Soundtrack Review: Goodbye Christopher Robin (2017)


I grew up loving A.A. Milne’s stories about Winnie the Pooh and his best friend Christopher Robin. In fact, I remember being delighted to learn that Christopher Robin had been a real person (he passed away in 1996). So when I heard that Goodbye Christopher Robin would be looking at the story of how the Winnie the Pooh stories were made, and the consequences for the Milne family, I was immediately interested.

The soundtrack for this film will be released on CD on October 13th and was composed by Carter Burwell (he’s also worked on Twilight, The Bourne Identity and Anomalisa, among others). And I have to say, the soundtrack for Goodbye Christopher Robin has been absolutely delightful to listen to. Let me highlight a few of my favorites for you:

First there was “Tree of Memory”, a beautiful track, with primarily string instruments. It was very soothing, very much what you would expect from a film about the origins of Winnie the Pooh. At the same time, I couldn’t help but notice a minor tone begin to creep in towards the end, which might be hinting at the tension that arises in the Milne family as the fame of the Winnie the Pooh stories brings a LOT of attention their way (the real Christopher Robin eventually grew tired of being associated with those books as he grew older).

“Toys and Stars” was another favorite. It starts with a soft guitar ostinato (repeating melody) that is joined by a flute and a clarinet. It feels like music for a lullaby, and by the end of the track all the instruments come together in this perfect harmony.

“Balloons” is a whimsical track that is very short (only fifty seconds in length) and entirely strings. The melody jumps and skips and then it will flow, and it was very fun to listen to.

The last track I will highlight is “Into the Forest” and this might be my favorite of the bunch. It would be wrong to call it “dark” but it isn’t “happy” either. It begins with an extremely light air of tension that slowly grows as the track goes on. I would love to know the context of this piece as it is very interesting to listen to. If I had to take a guess, since it’s titled “Into the Forest” I almost wonder if someone (maybe Christopher Robin) is lost in the woods? Anything is possible at this point.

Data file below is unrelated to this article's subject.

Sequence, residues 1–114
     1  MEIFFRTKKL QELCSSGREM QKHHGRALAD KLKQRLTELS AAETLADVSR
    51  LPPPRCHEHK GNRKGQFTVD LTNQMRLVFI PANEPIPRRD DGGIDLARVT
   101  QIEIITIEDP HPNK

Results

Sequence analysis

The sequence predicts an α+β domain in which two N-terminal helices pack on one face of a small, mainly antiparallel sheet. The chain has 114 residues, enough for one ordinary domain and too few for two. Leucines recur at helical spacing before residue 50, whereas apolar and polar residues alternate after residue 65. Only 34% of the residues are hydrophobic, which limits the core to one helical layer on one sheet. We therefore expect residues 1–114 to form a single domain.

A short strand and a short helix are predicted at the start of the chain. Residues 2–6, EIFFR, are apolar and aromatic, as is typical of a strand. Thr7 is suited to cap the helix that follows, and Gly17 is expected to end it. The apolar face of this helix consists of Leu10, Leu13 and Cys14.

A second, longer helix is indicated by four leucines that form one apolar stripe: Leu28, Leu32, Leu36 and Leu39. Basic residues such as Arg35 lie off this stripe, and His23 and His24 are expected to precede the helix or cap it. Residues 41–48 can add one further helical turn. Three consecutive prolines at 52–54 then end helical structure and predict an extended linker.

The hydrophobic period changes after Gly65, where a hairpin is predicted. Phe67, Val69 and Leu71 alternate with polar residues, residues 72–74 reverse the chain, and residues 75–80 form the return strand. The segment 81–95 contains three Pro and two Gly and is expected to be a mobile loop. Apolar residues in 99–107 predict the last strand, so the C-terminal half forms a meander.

This is just a sneak peek into the overall soundtrack, everything I listened to sounded amazing. I definitely recommend picking up this soundtrack when it is released. I hope you enjoyed reading about the music for Goodbye Christopher Robin. My thanks to The Krakower Group for making this soundtrack available for review.

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Teaser for Annihilation (2018)

Oh wow, I’m not even sure where to begin with this one. It’s the end of September so naturally we’re starting to get teasers of what will be coming early next year (like we’ve already gotten teasers for Black Panther and Ready Player One, for example). Annihilation (2018), directed by Alex Garland, was nowhere NEAR my movie radar until I saw (and then remembered) that Garland also directed Ex Machina (2015), a film that I saw and loved so much that I added it to my dissertation. Take a minute and watch the teaser below:

Annihilation (2018) teaser trailer

I’m not quite sure WHAT all of this is about, but it looks amazing, like in a really good way. And this is all based off a book? I need to read this book, like yesterday!! This is some kind of science fiction film (which is always a good thing), but I can’t figure out if this is taking place on Earth or some other planet. It LOOKS to me like there is some kind of virus (?) or some type of organism that “infects” humans and turns them into plants. This is solely based on what I’ve seen but now I need to find the book and get an idea of this story.

The film releases in February, and I am definitely going to go see it. And after seeing this trailer, I bet you’ll be going to see it too.

Coming up from me will be a soundtrack review for Goodbye Christopher Robin (courtesy of The Krakower Group). Have a good Thursday!